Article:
On the flip side, your baby may take a four-hour stretch before feeding again. In the first two weeks of life, do not let your baby go more than four hours without feeding. Why?

  • Breast milk is a supply and demand phenomenon. To get your supply established, the demand must be there.
  • Your breasts will feel like they are going to explode. If that four-hour stretch is during daylight hours, you are in for a long night of cluster feedings.

Two weeks to two months: (20-32 ounces/day)
Once your baby is two weeks old, you can relax a bit. Your milk supply will be better established and your baby will have regained his birth weight. If he sleeps through the night, let him! You may need to pump to get comfortable during the night, but don't wake a sleeping baby. By the way, this is unlikely to happen. If it does, don't tell your friends about it. They will hate you.

This feeding "pattern" goes on for at least the first two months of life. While this seems a bit erratic, it is normal for a newborn to be irregular with her feeding (and sleep patterns).Two to four months: (30-40 ounces/day)
Your baby will start to have some regularity! He will have more predictable wakeful periods and sleep periods. Hopefully, you will be down to one or two night feedings. If you are returning to work and pumping, plan on four ounces per feeding at two months of age and up to eight ounces per feeding at four months. Babies usually max out at 40 ounces per day at four months of age.Four to six months: (36-40 ounces/day)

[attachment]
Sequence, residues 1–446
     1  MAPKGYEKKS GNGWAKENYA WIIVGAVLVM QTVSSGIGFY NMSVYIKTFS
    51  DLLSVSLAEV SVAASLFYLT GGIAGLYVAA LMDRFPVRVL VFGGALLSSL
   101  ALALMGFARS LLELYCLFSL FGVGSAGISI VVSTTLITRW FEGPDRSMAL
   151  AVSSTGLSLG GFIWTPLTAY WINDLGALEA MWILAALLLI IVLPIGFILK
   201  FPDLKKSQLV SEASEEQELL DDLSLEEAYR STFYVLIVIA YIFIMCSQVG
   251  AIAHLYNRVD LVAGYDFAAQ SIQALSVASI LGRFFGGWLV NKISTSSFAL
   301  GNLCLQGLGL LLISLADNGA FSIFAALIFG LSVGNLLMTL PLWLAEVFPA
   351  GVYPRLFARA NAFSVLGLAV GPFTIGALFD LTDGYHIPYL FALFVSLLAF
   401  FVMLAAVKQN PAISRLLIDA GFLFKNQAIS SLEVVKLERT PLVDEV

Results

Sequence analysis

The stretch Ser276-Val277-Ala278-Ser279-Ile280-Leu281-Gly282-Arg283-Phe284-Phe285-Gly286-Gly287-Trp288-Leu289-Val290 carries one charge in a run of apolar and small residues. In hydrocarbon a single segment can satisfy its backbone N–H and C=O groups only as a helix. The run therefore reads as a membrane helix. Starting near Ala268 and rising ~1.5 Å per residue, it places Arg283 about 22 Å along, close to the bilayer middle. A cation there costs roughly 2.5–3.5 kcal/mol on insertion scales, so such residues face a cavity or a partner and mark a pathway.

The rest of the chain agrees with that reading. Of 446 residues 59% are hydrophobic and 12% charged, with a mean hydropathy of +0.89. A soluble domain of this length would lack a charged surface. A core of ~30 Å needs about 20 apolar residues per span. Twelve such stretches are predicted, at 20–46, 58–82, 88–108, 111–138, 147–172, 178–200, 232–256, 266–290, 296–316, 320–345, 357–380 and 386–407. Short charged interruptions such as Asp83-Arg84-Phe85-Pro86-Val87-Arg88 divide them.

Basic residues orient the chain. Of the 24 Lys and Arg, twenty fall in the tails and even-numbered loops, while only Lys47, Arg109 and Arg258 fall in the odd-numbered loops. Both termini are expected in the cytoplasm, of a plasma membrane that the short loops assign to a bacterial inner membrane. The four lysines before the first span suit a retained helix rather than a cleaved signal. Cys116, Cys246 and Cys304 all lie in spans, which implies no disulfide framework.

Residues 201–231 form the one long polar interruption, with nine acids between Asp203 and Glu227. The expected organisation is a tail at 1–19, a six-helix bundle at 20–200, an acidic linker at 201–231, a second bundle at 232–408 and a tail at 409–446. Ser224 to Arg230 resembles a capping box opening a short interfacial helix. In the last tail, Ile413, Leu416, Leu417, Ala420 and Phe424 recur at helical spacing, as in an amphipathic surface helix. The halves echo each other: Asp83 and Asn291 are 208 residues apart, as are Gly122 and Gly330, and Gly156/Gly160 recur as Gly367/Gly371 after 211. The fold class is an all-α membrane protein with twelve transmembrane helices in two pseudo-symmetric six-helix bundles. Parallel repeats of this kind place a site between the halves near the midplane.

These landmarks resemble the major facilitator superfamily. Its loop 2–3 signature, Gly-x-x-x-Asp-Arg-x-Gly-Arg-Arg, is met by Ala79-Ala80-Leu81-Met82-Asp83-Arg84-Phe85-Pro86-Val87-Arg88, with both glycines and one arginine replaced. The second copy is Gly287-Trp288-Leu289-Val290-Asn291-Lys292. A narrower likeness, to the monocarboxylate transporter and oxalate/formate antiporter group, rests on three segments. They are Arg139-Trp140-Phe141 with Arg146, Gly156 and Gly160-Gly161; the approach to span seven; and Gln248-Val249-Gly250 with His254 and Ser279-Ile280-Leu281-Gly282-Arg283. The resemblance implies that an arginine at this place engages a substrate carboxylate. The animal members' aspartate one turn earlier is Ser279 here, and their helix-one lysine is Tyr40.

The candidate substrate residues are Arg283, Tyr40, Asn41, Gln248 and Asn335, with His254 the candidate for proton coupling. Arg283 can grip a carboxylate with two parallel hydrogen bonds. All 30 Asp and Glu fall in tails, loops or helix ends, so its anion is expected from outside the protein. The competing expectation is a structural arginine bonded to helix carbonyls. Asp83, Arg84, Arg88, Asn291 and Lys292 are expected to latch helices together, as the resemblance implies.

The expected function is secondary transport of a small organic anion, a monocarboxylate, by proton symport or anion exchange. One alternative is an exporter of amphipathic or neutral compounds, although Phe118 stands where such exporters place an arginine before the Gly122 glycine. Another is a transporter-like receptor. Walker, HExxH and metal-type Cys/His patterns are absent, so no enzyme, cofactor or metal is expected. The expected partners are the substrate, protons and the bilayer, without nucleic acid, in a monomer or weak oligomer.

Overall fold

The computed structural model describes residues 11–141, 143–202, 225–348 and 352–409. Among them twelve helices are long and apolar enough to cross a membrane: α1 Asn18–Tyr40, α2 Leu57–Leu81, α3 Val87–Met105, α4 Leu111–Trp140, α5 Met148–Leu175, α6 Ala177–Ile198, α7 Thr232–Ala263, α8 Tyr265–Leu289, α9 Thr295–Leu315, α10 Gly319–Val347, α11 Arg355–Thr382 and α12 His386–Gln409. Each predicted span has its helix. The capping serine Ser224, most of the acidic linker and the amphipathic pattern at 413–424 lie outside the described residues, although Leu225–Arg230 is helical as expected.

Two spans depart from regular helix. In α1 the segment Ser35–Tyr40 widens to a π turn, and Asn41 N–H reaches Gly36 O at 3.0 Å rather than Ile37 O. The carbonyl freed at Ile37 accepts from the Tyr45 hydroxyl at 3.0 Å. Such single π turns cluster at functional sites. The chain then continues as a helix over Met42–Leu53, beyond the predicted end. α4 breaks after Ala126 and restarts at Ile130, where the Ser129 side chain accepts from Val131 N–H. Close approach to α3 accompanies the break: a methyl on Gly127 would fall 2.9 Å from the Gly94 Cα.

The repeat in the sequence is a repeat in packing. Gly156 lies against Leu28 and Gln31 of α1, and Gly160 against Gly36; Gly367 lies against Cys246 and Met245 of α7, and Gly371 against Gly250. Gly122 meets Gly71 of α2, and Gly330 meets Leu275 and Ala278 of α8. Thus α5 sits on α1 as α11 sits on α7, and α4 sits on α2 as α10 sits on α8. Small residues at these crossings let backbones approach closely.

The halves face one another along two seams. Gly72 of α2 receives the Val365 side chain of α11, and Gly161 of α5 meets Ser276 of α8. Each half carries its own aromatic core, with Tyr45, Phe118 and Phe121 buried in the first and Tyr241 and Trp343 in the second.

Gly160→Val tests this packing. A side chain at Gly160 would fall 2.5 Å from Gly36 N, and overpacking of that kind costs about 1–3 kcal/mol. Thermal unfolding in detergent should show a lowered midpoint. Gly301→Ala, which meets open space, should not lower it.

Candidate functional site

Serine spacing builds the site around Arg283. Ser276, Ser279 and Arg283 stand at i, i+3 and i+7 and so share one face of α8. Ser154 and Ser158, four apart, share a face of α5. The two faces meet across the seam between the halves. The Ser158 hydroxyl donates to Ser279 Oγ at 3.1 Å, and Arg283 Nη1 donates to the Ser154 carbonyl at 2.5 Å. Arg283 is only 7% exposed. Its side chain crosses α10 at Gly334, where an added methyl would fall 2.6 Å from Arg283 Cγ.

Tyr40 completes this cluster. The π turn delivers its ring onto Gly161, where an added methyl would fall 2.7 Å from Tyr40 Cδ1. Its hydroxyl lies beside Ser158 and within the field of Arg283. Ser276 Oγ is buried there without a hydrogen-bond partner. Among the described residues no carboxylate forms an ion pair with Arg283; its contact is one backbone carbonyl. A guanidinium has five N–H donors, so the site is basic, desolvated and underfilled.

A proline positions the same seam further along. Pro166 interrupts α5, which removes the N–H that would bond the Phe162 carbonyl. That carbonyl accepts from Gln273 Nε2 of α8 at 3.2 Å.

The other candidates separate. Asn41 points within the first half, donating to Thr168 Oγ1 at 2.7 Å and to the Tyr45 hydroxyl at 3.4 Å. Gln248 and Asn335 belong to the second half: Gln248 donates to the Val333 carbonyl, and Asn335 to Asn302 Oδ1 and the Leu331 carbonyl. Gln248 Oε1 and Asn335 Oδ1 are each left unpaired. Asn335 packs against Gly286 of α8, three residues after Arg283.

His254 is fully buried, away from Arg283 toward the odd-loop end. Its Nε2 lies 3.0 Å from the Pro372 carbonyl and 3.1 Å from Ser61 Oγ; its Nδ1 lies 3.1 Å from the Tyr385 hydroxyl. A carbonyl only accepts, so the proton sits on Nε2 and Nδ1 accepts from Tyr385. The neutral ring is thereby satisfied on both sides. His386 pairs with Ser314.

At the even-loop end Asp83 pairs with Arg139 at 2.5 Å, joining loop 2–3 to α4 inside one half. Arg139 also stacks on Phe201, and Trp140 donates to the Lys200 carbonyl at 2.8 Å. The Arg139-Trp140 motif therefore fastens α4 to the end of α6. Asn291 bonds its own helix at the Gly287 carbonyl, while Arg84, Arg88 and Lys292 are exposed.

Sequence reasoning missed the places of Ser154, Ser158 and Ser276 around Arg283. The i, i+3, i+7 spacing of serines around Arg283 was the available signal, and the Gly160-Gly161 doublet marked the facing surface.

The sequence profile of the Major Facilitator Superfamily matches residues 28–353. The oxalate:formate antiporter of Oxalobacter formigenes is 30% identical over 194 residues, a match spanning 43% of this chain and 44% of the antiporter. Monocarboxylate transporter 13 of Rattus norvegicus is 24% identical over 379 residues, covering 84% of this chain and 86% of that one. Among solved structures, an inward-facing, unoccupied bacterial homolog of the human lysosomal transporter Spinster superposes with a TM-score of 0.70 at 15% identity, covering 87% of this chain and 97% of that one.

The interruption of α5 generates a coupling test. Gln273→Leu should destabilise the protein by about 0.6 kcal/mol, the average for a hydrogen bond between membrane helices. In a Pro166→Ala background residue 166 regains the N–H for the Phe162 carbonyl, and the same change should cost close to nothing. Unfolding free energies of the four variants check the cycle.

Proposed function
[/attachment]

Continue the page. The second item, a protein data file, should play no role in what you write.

You can look forward to five or six breast feedings a day. You should be able to get an evening stretch of six hours without nursing. Six hours is considered "sleeping through the night", although this is probably not your definition.

You may be introducing solid food at this point. Solid food is dessert. Your baby needs the same volume of breast milk for a while.Six to nine months: (28-36 ounces/day)
Your baby will nurse four or five times per day. You should be done with night feedings. If you are not, do some problem solving with your doctor. You may enjoy those cuddly moments nursing in the middle of the night, but these are not a necessity. Your baby is comforted and used to feeding at night. Frequently, so is Mommy. If both of you are enjoying this situation, keep doing it. If one of you (Mom) is not enjoying it and wants more sleep, read Chapter 9, "Sleep."

Nine to 12 months: (20-30 ounces/day)
Babies are well into solid foods and start to wean — that is, their volume and frequency of nursing decline. Your baby may nurse three or four times per day.

By one year of age, babies wean to 16 to 24 oz per day. At this point, you deserve a gold medal of honor. If you and baby are ready, you can stop breastfeeding.

We recommend switching to whole milk with Vitamin D added at one year of age. The goal is two cups of milk per day (or dairy serving equivalents). Remember, breast milk is low in Vitamin D and iron. So, if you want to go beyond a year of nursing, find other nutritional sources for these nutrients.Reprinted with permission from "Baby 411:Clear Answers & Smart Advice for Your Baby's First Year" by Dr. Ari Brown and Denise Fields (Windsor Peak Press, $11.95). Copyright 2004. "Baby 411" is available in bookstores nationwide or online at